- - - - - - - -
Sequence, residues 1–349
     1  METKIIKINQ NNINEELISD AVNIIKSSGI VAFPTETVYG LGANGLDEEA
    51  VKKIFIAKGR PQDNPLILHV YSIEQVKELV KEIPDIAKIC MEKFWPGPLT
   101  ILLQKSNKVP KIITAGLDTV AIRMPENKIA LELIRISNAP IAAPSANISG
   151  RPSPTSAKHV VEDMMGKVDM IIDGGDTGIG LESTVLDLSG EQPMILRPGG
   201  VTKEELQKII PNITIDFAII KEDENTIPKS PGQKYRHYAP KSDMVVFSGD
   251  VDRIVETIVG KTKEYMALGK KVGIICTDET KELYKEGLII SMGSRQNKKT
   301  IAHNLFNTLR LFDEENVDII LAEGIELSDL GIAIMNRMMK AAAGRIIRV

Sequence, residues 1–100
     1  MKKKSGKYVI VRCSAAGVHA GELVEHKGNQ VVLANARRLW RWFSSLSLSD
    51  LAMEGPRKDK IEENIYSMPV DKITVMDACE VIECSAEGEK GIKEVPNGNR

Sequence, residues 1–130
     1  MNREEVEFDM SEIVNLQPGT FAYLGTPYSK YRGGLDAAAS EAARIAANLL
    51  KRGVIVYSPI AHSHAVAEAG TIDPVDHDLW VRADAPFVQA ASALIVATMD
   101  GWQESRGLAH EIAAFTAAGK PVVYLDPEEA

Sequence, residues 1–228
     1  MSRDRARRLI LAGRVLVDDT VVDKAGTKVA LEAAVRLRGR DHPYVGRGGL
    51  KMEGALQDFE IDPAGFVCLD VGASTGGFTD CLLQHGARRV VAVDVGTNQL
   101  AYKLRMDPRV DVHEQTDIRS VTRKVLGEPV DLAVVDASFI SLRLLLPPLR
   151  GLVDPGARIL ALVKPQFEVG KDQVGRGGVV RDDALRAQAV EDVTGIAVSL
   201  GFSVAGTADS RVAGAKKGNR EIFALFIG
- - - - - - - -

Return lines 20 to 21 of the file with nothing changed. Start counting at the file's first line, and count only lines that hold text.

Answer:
   151  GLVDPGARIL ALVKPQFEVG KDQVGRGGVV RDDALRAQAV EDVTGIAVSL
   201  GFSVAGTADS RVAGAKKGNR EIFALFIG